By Randy Cale, PH.D
In my workshops and seminars I am often asked, “What’s the problem with having kids feel a little guilt?” Well, there would be no problem, if guilt were the path to happiness, freedom and success.
Unfortunately, it’s not. Instead, guilt is a debilitating emotion that teaches us to feel badly about ourselves, with the goal of motivating us to do better next time.
There are circumstances where parents can induce guilt, and behavior will change. Thus, it can look like it works. However, you want to notice whether or not this approach has long-term value.
Often, a pattern emerges where kids act out, and parents induce guilt to create bad feelings about the behavior, and the behavior changes. In this model, kids learn to do what’s right by avoiding guilty feelings. However, with time, the memory of the guilty feeling starts to fade away and the negative behavior often re-emerges.
Again, guilt is induced, and behavior changes. Days or weeks later, that guilty feeling has dissipated, and, once again, the negative behavior emerges. We see this pattern in a wide range of addictions, impulsive behaviors and negative behavior patterns and it’s not healthy.
Feeling bad about a poor choice has little value in helping us to consistently choose healthy alternatives. Many people feel guilty after screaming at their kids, but they still do it. Others feel guilty when they overeat, and they still do it. Others may feel guilty about smoking, and they still do it. Guilt is not the answer!
Furthermore, when guilt is a reason for making “the right choice”, notice how often you resent that choice.
Would you want someone to be your friend because they felt guilty if they weren’t being nice to you? Would you want your kids to buy you a birthday present because they would feel guilty if they didn’t buy it? Would you want them to do their homework because they would feel guilty if they didn’t?
Some of you may be saying, “Well…it wouldn’t be so bad.”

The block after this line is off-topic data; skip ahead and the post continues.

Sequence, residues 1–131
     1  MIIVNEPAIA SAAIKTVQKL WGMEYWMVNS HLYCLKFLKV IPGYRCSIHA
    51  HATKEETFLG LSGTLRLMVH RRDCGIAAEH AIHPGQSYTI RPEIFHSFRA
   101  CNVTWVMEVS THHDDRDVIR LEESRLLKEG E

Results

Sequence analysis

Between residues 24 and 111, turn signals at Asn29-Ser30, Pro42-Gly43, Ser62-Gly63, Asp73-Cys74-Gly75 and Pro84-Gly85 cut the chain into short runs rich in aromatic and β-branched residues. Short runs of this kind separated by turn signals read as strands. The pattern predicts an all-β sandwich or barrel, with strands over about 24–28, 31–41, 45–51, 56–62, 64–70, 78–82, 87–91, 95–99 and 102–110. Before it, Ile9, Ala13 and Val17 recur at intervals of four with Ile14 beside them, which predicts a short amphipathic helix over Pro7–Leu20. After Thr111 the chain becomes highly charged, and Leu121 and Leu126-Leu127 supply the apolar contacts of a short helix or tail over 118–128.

But I would like you to consider a few simple points. When we do the right things to avoid feeling guilty, we get no real self-esteem out of that. Instead, we are typically in a struggle about what we want to do versus what some external set of values tells us we should do. This struggle can go on throughout our entire lives, if we live according to the standards that other people give us. You see, that’s the real rub: Guilt comes from the struggle between our own personal desires and the expectations from the outside world.
When we raise children to attend carefully to their own internal standards around what is good, just, and right, they’ll come to trust their heart and their internal voice.
If we raise them to listen to the standards of others, they will always be in a struggle between their own values and desires, and those imposed upon them by society or their relationships with others.
However, this whole issue is avoidable through the simple use of effective parenting strategies. When children learn to do the right thing because it feels good, they choose to do more of the right things. You can teach your kids to stay on a healthy track by investing your attention and energy in those moments that you value.
When you don’t invest a lot of energy into negative behaviors, your kids learn that those patterns are not going to serve them in life. Similarly, when you learn to set limits using consequences and not words, there is no need for guilt-inducing strategies.
This doesn’t mean that you simply ignore every negative behavior, just most of them. For the rest of the more extreme negative behaviors, trust the power of consequences to teach these critical lessons. You don’t need to attempt to induce guilt to try to control behavior.
Guilt is simply unnecessary, counter-productive, and sucks away the joy and happiness that we experience in life. If you doubt this, just notice the effectiveness of guilt as a strategy to get people to do the right thing. It only leads to personal misery and repetitive patterns of trying to “pull it together”, followed by periods when our life falls apart.
The bottom-line: Guilt isn’t necessary and doesn’t work to nurture happiness and responsibility.
Dr. Randy Cale, a Clifton Park based parenting expert, author, speaker and licensed psychologist, offers practical guidance for a host of parenting concerns. Dr. Cale’s new website, www.TerrificParenting.com offers valuable free parenting information and an e-mail newsletter.